Here on this site there is a section called “Articles,” where I have posted several pieces that are longer than my typical blog post of about 1000 words. Except that I haven’t actually posted any new Articles there in several years. The reason is that I couldn’t figure out how to do it. But a couple of weeks ago I got a young consultant to give me a step by step procedure. And voilá! I have now posted a new Article. Go to the Articles section to check it out.
The subject of the new Article is the economics for a country of trying to get 100% of its electricity from the intermittent renewables, wind and solar. You will get a feel for my take on the situation from the title: “The Disastrous Economics Of Trying To Power An Electrical Grid With 100% Intermittent Renewables.” This Article is a slightly-modified version of a section of a Comment that some colleagues and I filed with the EPA with respect to some of its recent regulatory initiatives.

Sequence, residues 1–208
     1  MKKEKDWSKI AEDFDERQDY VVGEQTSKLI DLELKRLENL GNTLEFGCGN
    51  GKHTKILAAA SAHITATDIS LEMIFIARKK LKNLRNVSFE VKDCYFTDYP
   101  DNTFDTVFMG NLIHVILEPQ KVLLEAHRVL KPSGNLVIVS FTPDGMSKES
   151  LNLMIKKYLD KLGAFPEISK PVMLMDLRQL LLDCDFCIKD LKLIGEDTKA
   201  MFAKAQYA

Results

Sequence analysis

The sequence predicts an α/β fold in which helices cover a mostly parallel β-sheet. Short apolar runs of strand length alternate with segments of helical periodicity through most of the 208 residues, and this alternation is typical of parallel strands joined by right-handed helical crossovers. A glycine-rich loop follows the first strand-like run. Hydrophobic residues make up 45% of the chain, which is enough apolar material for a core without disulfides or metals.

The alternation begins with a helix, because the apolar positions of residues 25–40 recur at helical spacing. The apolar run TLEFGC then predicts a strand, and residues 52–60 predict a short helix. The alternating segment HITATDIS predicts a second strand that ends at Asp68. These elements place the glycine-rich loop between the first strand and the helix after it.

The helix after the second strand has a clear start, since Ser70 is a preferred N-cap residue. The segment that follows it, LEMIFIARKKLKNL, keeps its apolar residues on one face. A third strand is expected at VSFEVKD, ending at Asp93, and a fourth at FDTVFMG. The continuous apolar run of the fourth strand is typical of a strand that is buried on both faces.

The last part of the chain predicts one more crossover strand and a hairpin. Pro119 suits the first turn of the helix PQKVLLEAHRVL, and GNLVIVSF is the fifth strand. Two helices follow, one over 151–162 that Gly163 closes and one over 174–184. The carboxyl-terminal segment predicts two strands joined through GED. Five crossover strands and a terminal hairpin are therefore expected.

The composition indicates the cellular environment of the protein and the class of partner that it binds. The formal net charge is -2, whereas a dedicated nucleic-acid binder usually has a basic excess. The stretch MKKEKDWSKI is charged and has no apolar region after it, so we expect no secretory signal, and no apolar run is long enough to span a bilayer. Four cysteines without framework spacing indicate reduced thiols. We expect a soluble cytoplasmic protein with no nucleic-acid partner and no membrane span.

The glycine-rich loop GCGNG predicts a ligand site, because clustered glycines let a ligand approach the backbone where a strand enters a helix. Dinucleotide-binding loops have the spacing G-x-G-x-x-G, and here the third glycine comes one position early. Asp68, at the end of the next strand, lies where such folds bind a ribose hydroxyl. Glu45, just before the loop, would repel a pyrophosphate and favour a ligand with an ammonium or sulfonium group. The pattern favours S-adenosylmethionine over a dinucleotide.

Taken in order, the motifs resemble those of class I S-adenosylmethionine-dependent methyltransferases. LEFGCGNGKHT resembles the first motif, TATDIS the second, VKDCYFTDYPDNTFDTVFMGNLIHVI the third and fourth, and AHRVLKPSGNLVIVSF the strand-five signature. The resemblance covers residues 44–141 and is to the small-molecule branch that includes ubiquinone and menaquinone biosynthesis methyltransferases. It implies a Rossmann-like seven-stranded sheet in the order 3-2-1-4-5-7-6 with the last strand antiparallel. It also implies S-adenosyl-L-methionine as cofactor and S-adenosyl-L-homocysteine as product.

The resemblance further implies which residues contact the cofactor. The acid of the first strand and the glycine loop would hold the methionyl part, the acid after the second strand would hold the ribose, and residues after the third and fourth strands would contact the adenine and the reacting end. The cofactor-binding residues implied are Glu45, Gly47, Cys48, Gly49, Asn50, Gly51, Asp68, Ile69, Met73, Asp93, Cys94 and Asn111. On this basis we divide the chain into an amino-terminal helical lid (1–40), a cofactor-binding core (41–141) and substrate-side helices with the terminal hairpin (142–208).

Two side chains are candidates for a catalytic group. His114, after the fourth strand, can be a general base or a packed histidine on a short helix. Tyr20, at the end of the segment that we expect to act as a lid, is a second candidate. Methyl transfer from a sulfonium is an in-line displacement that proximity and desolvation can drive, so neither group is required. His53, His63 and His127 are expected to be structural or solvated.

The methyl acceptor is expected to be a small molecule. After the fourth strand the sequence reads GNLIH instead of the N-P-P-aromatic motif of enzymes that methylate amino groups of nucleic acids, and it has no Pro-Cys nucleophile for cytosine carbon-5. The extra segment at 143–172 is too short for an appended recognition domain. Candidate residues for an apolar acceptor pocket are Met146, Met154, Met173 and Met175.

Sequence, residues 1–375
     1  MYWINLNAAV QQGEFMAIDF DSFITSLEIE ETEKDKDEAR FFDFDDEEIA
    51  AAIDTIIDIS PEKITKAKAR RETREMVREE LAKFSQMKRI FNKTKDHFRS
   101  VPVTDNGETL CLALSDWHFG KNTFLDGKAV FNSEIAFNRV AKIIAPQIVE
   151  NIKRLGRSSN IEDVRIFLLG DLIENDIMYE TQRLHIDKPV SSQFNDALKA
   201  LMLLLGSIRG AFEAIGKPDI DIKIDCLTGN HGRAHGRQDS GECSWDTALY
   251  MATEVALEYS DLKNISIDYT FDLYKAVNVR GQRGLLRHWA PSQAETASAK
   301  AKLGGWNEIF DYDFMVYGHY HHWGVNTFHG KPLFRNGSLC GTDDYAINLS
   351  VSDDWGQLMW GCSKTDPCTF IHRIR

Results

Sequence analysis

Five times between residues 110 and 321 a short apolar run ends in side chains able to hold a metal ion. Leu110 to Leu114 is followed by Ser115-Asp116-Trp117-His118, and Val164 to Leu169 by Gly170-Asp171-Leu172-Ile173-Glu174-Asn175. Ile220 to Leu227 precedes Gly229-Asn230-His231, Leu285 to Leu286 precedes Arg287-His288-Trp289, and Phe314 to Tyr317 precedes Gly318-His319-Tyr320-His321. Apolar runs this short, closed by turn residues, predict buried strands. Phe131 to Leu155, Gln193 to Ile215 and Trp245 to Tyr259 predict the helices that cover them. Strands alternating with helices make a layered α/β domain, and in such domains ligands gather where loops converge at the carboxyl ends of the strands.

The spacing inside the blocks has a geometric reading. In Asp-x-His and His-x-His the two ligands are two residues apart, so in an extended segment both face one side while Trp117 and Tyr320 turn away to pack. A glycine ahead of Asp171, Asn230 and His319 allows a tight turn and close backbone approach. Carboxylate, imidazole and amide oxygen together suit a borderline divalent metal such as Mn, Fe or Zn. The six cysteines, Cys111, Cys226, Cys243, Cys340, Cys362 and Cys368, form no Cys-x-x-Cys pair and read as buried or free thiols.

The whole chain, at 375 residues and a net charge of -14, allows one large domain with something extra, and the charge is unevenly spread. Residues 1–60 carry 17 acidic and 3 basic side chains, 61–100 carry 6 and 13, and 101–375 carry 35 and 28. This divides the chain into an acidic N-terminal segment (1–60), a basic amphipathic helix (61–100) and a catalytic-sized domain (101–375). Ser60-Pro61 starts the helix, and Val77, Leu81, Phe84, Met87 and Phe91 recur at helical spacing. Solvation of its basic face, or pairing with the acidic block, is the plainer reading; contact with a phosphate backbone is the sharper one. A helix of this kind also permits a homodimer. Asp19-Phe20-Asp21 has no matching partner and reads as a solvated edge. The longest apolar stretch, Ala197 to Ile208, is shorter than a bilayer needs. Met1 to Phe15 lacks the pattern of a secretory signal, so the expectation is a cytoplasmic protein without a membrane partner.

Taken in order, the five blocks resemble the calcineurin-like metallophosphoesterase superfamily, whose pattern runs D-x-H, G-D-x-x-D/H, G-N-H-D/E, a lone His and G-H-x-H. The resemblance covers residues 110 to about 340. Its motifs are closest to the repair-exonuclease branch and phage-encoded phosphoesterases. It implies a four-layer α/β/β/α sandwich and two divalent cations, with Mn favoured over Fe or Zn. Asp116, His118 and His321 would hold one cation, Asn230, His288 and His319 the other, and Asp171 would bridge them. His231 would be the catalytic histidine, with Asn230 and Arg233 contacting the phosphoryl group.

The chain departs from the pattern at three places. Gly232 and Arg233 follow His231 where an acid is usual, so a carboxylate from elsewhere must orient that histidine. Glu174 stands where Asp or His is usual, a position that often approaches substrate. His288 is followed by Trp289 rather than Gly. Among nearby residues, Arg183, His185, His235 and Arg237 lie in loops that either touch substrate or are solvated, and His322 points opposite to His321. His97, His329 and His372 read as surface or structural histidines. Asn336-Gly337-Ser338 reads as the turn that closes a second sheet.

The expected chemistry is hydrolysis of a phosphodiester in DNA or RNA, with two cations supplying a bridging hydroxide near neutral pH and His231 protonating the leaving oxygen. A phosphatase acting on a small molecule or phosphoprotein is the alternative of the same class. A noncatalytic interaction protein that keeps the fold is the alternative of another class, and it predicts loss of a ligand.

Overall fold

Meanwhile, the Wall Street Journal chose this Saturday to attempt to tackle the same subject, covering the front page of its second section (“Exchange”) with a huge feature article headlined “Plugging In the Wind,” by a guy named Russell Gold. So does Mr. Gold of the Journal agree with me that the economics of trying to power an electrical grid with 100% intermittent renewables would be “disastrous”? Actually, the opposite. According to Gold:
For years, the wind and the sun were widely dismissed as niche sources of power that could never fill America’s vast need for energy. But now the cost of solar and wind power ha[s] fallen so much that the U.S. could substantially reduce harmful emissions while also lowering the price of electricity. . . . Renewable energy sources now provide the cheapest power in windy and sunny parts of the country.
Is there anything to that? Or is it complete pie-in-the-sky? . . .Read More